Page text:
Tuesday, September 08, 2009

I just don't get it

Today I went to Oita and on the way drove past this Pachinko parlor and it made me scratch my head yet again. I just don't understand the attraction of pachinko! For anyone who doesn't know, pachinko is basically a form of slot machines where you use little silver balls and watch them go around and around the machines and usually end up losing big money, but can sometimes win. I have had some fun with slot machines so don't really have a problem with playing occasionally, but in Japan it seems like a huge social problem. When I drove past this pachinko parlor it was 9:30am. It doesn't open until 10:00am, but as you can see from the photo (if you look carefully!) there was already a huge line of people waiting outside. The parlor closes at 10:00pm and the majority of those lined up at 9:30am would be coming out at 10pm. Inside the parlors are extremely brightly lit, extremely noisy and extremely smokey. Not exactly a wonderful environment to be in all day!
What really confuses me though is that in Japan gambling is illegal (with the exception of public sports - horse, bicycle, boat and motorbike racing, the lottery and soccer league betting). Casino's are illegal and no matter how you look at it pachinko should fall into the same category - but they get around it by exchanging any "winning balls" you have for tokens or small prizes which you take outside to a small booth which is officially not connected with the pachinko parlor and exchange it for cash. Therefore you are not actually winning any cash at the pachinko parlor. Considering how many pachinko parlors there are in Japan and how many social problems there are associated with the parlors (there are deaths annually where kids have been left in the car in the summer while their parents go and play etc.) you would think the police would think a little more carefully about them, but the parlor in the picture is literally across the road from a big police station and I'm guessing that half the police force go over the road in their lunch break or as soon as they have finished work.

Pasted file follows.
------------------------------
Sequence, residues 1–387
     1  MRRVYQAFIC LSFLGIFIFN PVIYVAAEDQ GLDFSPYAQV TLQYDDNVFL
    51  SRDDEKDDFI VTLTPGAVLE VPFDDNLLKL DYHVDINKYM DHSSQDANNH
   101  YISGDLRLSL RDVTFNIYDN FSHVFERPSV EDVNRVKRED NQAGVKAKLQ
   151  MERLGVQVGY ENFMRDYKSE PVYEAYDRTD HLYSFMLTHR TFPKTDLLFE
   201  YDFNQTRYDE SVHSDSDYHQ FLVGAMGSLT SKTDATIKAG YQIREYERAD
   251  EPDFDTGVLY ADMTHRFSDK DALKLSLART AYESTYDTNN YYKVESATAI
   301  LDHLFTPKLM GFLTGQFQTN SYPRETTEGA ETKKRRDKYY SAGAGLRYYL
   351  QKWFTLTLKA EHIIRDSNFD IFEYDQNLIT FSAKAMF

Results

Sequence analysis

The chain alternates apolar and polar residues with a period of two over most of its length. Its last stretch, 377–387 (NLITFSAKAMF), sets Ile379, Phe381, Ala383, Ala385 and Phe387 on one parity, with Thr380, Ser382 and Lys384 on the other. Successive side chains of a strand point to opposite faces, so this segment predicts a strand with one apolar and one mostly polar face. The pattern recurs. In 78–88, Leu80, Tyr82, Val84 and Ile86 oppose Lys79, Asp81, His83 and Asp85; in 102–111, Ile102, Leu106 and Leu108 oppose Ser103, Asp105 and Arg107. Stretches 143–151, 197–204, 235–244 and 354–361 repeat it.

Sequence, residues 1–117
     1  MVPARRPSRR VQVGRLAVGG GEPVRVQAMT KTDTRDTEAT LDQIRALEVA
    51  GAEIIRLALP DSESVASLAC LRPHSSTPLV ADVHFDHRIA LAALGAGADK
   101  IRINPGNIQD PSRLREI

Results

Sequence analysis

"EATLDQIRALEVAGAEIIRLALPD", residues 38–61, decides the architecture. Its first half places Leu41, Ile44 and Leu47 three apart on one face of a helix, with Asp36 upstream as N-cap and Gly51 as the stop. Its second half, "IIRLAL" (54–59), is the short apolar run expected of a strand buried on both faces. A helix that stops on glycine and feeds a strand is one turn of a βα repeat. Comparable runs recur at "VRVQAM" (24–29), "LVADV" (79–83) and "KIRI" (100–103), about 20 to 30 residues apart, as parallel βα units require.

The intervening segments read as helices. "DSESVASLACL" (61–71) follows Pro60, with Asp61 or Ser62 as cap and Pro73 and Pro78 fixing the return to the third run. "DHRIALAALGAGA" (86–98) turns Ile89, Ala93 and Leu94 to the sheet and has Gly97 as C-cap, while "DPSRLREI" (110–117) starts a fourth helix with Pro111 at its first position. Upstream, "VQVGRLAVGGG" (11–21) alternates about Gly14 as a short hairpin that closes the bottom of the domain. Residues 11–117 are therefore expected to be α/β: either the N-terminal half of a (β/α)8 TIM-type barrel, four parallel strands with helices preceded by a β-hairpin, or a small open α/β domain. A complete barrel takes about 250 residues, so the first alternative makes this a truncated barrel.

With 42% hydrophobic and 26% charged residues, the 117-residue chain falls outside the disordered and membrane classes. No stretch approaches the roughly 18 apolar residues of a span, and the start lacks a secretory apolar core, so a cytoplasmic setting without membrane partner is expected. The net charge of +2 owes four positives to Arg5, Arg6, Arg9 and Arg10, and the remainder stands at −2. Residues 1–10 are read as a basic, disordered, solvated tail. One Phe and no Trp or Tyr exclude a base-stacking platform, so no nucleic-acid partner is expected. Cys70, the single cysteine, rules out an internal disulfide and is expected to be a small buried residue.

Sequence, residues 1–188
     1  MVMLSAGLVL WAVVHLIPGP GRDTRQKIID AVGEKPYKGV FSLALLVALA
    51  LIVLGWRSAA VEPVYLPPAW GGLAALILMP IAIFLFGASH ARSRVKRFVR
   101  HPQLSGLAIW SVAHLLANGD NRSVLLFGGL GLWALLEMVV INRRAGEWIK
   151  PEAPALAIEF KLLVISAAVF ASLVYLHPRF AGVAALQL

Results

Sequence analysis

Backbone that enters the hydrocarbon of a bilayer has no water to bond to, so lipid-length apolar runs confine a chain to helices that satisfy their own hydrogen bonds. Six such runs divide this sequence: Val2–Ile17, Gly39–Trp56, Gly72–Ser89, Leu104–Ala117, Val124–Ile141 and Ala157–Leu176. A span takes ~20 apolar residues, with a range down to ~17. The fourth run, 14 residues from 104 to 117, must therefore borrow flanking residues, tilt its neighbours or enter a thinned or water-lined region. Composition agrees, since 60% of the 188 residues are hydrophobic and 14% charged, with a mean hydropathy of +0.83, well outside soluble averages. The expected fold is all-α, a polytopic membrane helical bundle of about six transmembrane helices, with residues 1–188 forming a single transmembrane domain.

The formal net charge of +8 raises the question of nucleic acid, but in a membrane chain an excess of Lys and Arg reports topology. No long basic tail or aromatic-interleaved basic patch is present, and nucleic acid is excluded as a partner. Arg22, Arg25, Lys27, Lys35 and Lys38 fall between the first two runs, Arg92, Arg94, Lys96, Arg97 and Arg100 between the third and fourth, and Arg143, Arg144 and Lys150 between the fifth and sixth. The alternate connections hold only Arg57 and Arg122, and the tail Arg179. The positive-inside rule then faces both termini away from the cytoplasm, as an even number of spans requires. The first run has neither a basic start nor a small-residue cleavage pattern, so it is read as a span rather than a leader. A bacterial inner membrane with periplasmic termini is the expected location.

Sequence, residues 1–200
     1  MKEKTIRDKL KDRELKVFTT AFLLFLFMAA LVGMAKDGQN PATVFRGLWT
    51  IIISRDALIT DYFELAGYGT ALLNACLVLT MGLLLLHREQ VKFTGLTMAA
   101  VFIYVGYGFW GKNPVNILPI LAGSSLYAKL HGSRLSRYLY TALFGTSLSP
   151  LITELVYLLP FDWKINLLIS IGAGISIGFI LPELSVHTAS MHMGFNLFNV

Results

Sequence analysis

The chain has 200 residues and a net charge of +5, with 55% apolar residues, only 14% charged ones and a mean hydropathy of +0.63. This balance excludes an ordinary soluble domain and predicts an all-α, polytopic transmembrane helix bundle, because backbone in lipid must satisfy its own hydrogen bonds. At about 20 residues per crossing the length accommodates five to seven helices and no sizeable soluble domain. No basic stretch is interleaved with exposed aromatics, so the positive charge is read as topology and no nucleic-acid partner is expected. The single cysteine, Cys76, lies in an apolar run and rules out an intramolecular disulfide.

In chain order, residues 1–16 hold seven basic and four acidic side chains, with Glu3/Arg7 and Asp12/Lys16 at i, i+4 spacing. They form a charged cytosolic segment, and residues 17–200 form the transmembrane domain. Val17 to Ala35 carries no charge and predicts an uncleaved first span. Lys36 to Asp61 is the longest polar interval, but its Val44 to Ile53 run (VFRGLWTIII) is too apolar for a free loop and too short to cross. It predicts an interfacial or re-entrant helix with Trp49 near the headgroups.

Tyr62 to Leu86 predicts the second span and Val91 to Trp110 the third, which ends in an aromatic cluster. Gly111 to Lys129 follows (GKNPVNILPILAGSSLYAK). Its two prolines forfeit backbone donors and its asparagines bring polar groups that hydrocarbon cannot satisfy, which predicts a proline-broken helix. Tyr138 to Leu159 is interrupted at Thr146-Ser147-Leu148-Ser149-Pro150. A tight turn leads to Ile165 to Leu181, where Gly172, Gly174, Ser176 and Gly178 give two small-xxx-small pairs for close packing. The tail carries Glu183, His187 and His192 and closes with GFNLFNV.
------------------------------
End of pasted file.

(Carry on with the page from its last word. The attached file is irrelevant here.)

Enough ranting... if you want any more information about pachinko wikipedia has detailed descriptions of how to play, the history etc.


  1. Those little silver balls have caused 'social problems' in our house a couple of times. But none lately - or otherwise hub is just getting good at hiding it!!

  2. I don't understand the attraction of Pachinko either. I am just so glad that my husband has no interest in them. In the 3 and bit years I have been in Japan I have yet to set foot inside a pachinko parlour and honestly don't think I ever will. Definitely not my cup of tea!!

  3. I can never understand the lines either. Went in one once as I told my friend I'd never been and she walked me in one door and out the other. That was enough! The noise!!! But for all their ills they keep me in chocolate, FIL is a big player and apparently they only exchange gifts over a certain value for money so he brings back the 'change' in chocolate. So GW, get any unexplained chocolate you should start asking questions!

  4. I don't get it either. Smokey, loud, flashing lights. If I want a migraine I'll stay home with the kids, thanks!

  5. The lines are because the parlor tweaks the machine on certain days so that people win more. They don't keep it a secret as to when this happens either.

    At least this is my understanding, something I have gleaned from my experiences where at the men's drinking party after every local function conversation inevitably includes a looooong, boooooring, and in-depth analyses of which machine puts out when and how to correctly twist your wrist.

    I have tried it twice. Lost 2,000 yen and had no fun. I would gladly forfeit 5,000 yen for a fun night of poker or blackjack, or something that offers some kind of mental stimulation.

  6. At first I thought that was a shot of Ikea!

  7. keppechan7:39 PM